Friday, September 23, 2005

Believe the Skype

Now that Patrick Belton has come out of the Skype closet it's safe for me to do a bit of techno-evangelism. Get Skype. It's a cross between instant messenger and a telephone intercom and it's going to destroy the already-maimed traditional telecom companies.

Why Verizon allowed eBay to buy Skype instead of snatching it up for themselves is beyond me.


jomama said...

Indeed Skype is going to take the telcos down and a lot of other things.

On their web site they call it "disruptive technology".

I love it.

Anonymous said...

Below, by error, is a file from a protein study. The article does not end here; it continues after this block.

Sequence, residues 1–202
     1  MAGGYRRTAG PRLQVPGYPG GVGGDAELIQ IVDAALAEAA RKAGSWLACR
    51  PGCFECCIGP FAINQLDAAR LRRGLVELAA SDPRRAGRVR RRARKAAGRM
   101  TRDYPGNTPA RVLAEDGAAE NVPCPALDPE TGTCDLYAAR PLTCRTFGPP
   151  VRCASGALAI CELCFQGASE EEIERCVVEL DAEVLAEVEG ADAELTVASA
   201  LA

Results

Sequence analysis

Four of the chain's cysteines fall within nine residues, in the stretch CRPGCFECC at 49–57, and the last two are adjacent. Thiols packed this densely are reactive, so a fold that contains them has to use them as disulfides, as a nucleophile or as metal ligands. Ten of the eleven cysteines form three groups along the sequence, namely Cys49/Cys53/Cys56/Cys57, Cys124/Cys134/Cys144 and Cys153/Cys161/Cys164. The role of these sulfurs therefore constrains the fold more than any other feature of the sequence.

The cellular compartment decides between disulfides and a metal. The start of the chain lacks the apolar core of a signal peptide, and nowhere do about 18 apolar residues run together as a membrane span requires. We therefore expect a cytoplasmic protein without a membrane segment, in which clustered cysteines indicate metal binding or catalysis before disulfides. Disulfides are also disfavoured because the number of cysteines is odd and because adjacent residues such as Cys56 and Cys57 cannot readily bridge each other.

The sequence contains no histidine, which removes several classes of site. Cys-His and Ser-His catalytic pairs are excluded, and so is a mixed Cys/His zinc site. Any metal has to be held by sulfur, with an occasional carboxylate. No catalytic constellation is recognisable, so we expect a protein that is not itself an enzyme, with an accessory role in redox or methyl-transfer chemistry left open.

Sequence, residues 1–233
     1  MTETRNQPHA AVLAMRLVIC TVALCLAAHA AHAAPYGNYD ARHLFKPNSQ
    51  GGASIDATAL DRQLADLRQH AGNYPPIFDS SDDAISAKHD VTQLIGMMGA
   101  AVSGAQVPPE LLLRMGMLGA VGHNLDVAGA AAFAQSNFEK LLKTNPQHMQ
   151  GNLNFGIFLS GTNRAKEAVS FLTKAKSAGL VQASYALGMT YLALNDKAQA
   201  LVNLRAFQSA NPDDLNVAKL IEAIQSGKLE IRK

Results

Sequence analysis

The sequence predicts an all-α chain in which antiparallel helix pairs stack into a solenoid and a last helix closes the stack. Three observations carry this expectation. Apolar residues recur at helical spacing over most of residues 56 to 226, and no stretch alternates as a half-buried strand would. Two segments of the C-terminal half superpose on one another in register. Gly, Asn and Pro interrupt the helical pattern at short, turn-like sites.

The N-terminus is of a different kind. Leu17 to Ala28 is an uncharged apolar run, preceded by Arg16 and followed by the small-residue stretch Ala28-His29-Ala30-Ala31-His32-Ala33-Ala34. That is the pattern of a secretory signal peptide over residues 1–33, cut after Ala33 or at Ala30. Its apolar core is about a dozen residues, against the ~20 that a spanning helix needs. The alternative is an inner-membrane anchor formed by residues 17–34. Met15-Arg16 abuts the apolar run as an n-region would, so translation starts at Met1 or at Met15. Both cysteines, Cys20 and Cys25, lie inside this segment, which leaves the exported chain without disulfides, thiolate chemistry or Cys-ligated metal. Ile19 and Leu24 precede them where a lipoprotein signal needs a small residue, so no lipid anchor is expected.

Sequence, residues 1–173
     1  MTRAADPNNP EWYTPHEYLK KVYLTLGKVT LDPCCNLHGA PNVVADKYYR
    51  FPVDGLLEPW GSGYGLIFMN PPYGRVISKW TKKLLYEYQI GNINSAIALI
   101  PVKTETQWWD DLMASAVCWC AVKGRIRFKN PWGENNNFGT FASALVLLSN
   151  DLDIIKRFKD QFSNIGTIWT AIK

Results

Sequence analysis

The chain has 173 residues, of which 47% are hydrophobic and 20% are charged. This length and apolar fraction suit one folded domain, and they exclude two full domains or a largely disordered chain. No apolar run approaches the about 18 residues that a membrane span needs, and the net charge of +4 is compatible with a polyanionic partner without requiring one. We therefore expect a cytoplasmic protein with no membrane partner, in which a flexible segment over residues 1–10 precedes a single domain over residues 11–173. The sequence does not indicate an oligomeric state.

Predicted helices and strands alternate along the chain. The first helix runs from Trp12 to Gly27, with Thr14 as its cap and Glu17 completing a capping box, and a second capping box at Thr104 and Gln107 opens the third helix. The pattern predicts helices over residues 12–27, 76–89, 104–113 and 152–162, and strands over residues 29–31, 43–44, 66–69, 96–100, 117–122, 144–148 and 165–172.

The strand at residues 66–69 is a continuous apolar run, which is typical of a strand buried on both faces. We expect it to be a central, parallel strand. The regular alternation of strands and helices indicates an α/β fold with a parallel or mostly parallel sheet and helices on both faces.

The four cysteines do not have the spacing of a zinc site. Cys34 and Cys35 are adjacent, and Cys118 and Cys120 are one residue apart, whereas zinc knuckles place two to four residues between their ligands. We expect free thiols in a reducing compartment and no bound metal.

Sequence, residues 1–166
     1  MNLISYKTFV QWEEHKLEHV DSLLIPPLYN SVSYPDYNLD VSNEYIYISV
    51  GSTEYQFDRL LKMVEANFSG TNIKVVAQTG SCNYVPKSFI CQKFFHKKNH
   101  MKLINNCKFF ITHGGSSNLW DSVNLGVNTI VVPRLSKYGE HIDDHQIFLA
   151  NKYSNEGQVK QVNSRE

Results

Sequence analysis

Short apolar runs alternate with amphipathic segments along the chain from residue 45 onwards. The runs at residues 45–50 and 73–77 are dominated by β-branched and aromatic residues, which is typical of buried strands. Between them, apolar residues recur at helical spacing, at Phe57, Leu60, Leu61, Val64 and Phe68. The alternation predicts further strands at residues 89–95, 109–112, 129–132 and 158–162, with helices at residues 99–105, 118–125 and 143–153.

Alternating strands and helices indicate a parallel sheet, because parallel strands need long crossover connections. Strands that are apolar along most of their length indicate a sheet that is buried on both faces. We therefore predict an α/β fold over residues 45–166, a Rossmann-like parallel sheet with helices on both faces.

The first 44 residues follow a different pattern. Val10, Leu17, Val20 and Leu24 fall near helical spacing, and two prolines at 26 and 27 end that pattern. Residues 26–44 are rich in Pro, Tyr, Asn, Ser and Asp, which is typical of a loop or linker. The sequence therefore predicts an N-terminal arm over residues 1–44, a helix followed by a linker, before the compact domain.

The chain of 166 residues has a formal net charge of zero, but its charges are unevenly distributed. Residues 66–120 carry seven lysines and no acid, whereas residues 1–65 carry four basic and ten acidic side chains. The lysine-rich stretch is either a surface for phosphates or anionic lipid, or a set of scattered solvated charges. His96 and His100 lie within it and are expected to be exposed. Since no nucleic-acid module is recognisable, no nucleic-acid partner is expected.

Since you've been getting flak from readers who don't like your Old Media defenses, let me express my surprise that you're such a huge fan of Skype. "Going to destroy the already-maimed traditional telecom companies"? I'm no defender of the legacy telcos, but this is beyond the blog boosterism of Jarvis and Reynolds. VoIM (voice over instant messenger) is indeed a cool technology and kudos to Skype for extending it past the IP network to traditional and mobile phones. Maybe Skype would have been a good purchase for Verizon, but its asking price was pretty far beyond what it had proved. It has tens of millions of downloads but no one's sure how many people are actually using it. As we've seen with Google Talk, which was preceded by PC-to-PC offerings from Yahoo and MSN, this is a field that's going to get crowded and Skype may not have the best long-term plans for monetizing it. And as we're seeing with the FCC kerfuffle, VoIP carries with it a host of complicated and expensive regulatory issues associated with the social obligations of the telcos. Verizon, News Corp. and other likely buyers might have been worried the added regulation would have outweighed their ability to profit from it. As a complementary voice service - not intended to replace an existing service - eBay might be able to actually increase its volume of business with little additional outlay. It's likely the telcos will move to an all IP backbone, as BT is doing now, but acquiring the standalone IP telephony providers may not be their cheapest route.